William Wartenbee Johnson
William Wartenbee Johnson served as a Justice on the Supreme Court of Ohio after serving as a member of the first Supreme Court Commission.
He was born in Chandlersville, Ohio on Aug. 26, 1826, educated in the local schools and attended Muskingum College. He taught school in the area and, in 1849, entered the law office of Charles C. Converse, where he studied law. Johnson was admitted to the bar in 1852 and opened a practice in Ironton.
In 1858, Johnson was elected judge of the Seventh District Court of Common Pleas, serving until Feb. 10, 1867. Two years later, he returned to the bench and served until March 15, 1872, when, due to ill health, he was forced to retire.
Johnson was appointed by Gov. Rutherford B. Hayes to the first Supreme Court Commission on Feb. 2, 1876 and served until Feb. 1, 1879. He was chief judge on the commission for most of his term. In the fall election of 1879, Johnson was elected to the Supreme Court of Ohio, taking his seat on Feb. 9, 1880. He was re-elected in October 1884, but did not complete his term. He served as Chief Justice from 1884 to 1885. Johnson resigned on Nov. 9, 1886 due to ill health, and was replaced by Franklin Dickman. Johnson’s opinions written during the commission are in volume 33 of the Ohio State Reports and his opinions while on the Court are in volumes 36 through 44.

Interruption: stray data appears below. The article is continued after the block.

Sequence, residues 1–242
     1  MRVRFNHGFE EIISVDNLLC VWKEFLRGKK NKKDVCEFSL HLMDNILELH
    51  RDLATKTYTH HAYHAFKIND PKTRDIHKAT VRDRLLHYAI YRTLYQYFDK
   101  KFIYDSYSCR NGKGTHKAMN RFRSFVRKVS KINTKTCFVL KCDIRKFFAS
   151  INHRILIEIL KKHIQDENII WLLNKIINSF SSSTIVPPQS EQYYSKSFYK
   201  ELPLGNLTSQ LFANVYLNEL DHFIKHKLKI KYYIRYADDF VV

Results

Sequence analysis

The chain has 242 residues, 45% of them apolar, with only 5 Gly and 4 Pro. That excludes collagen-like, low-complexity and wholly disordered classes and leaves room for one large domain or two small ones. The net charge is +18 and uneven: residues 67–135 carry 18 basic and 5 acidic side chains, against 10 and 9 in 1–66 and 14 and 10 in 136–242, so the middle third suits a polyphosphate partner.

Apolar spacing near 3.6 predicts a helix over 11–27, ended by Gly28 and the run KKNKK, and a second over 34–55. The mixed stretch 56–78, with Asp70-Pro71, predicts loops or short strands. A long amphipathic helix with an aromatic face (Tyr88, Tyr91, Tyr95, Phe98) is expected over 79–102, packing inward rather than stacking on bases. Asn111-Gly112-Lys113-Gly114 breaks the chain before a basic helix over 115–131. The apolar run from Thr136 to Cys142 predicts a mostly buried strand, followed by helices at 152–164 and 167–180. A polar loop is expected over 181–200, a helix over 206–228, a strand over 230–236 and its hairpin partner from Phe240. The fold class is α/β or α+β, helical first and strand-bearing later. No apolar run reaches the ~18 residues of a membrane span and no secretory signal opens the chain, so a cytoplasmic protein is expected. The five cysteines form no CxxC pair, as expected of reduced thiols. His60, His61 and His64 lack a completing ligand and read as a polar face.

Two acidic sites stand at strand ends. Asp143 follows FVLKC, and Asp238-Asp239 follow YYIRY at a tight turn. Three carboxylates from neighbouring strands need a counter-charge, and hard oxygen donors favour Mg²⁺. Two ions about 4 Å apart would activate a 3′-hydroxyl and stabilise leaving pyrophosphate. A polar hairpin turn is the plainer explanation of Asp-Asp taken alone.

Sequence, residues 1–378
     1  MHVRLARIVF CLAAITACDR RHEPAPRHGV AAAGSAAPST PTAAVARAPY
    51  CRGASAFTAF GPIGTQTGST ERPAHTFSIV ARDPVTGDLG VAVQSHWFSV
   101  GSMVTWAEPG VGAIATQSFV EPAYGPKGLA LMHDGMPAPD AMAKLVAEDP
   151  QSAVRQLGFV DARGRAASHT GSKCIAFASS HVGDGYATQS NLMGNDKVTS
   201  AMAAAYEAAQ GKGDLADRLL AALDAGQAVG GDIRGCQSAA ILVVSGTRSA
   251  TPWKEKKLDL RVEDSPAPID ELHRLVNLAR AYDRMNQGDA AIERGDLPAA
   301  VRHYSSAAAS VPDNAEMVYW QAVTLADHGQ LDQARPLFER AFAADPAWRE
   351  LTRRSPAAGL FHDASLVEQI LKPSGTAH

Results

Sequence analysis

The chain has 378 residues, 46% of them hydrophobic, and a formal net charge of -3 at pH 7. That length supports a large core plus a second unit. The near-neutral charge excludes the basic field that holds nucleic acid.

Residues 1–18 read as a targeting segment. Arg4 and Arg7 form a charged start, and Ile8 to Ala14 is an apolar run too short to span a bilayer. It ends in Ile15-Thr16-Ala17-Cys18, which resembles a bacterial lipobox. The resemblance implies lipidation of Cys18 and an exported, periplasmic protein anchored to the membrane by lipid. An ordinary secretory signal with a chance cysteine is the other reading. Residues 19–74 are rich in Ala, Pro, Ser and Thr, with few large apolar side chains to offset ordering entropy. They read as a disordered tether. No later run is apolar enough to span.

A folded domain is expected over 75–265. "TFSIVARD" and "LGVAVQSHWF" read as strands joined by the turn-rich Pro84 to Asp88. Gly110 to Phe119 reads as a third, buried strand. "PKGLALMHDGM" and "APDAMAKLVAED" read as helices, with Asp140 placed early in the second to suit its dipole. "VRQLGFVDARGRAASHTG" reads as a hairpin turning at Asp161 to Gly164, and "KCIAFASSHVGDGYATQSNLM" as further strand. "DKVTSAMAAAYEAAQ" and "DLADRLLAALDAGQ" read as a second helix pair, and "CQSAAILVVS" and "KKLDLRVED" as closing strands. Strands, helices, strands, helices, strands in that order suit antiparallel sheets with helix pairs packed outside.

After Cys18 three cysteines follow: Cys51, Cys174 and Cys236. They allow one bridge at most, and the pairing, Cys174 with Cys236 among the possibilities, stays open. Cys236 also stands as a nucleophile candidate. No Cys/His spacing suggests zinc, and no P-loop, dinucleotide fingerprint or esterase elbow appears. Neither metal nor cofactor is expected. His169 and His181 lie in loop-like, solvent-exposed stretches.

Among the notable cases during Johnson’s time on the Court is his dissenting opinion on the Pond law, in which he held the law to be constitutional. The Pond law was passed on April 5, 1882 and established a graduated tax rate for saloons. The Supreme Court decided it was unconstitutional. It had been passed at the instigation of Gov. Foster and had its result in the defeat of the Republican Party in the state election of 1883.
Johnson married Martha E. Blocksom in Oct. 26, 1854 in Ironton. They had two sons. Johnson died March 2, 1887 in Ironton and is buried in Woodland Cemetery with his wife and son, Henry B. Johnson.
b. Aug. 26, 1826
d. March 2, 1887
56th Justice of the Supreme Court of Ohio